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Georgia War: Finding The Facts, Losing The Message

Burnt-out cars around Tskhinvali after last year's fighting (Photo: Tomas Polacek)

Burnt-out cars around Tskhinvali after last year's fighting (Photo: Tomas Polacek)

On 30 September, the European Union released its report on last year's August war in the Caucasus. The aim was to establish what happened, since as stated in the preamble, "there can be no peace in the South Caucasus as long as a common understanding of the facts is not achieved."

Since its release, however, these "facts" have been appropriated by both sides and misconstrued by the press. Russia -- and numerous reporters -- have spun the report as an indictment of Georgia for "starting" the war. Georgia claims a victory as well, since the report acknowledges the war's causes must be understood in historical perspective.

Whose interpretation is right? And why did the report fail at its task of creating a "common understanding of the facts" that would move forward the process of reconciliation?

To answer the first question, neither perspective is accurate. In fact, the report blames Russia for starting the war with Georgia. But it also blames Georgia for starting a civil war within its own borders, and no acknowledgements of the historical context lessen that blame. Perhaps more importantly, both parties violated the laws of war.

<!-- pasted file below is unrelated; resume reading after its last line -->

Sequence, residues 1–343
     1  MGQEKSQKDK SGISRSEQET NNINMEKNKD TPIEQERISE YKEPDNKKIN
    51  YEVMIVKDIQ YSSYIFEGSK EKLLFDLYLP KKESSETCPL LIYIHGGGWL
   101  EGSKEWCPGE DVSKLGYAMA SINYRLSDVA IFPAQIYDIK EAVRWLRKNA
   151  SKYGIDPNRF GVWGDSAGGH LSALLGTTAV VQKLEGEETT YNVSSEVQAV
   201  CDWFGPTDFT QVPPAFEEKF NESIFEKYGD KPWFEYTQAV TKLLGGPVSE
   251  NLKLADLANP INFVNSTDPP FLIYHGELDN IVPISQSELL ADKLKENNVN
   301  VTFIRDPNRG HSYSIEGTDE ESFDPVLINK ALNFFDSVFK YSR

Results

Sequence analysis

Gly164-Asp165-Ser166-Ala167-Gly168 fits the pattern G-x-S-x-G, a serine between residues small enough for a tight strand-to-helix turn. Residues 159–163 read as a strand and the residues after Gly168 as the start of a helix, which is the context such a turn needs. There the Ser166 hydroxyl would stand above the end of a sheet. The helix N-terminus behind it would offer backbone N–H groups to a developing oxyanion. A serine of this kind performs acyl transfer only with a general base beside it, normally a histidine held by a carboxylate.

In a nutshell, two armed conflicts, not one, took place in the Caucasus in August 2008. And two relevant branches of international law -- on the use of force and on the conduct of force during and after hostilities -- governed the legality of these wars.

The first armed conflict was a civil war within the borders of the state of Georgia, between the Georgian military and militias associated with the breakaway republics of South Ossetia and Abkhazia. This war (or set of wars) began as a low intensity conflict. Georgia is to blame for escalating it to the level of a civil war through an attack on the South Ossetian capital, Tskhinvali, on August 7, 2008.

The report also found the attack on Tskhinvali violated the laws of war, which govern not whether armed conflict is legitimate, but how it may be carried out. The South Ossetian militias behaved badly too, the report finds, especially after the ceasefire -- looting, pillaging, raping, and burning villages -- but at least they were acting in self-defense at the start.

The second armed conflict was an international war between Georgia and Russia, which entered the conflict in support of South Ossetia and Abkhazia on August 8, 2008. Russia started this second, international war by sending troops across the Georgian border in violation of the territorial integrity norm set out in the UN Charter.

Illegal Wars

The report demonstrates that this was also an illegal war. In the absence of a UN Security Council resolution, such an act is permissible only in self-defense. The report found that Russia was not acting in self-defense because Georgia had not attacked Russia, only its own territory, and there was no evidence that Georgia had intentionally fired upon Russian peacekeeping troops in Tskhinvali. A moral case can sometimes be made for invasion to protect civilian populations from massive human rights abuses, as NATO claimed to have done in Kosovo in 1999. The EU report found no evidence that such a claim was valid in this case, as the civilian loss of life did not rise to such levels, much less to "genocide."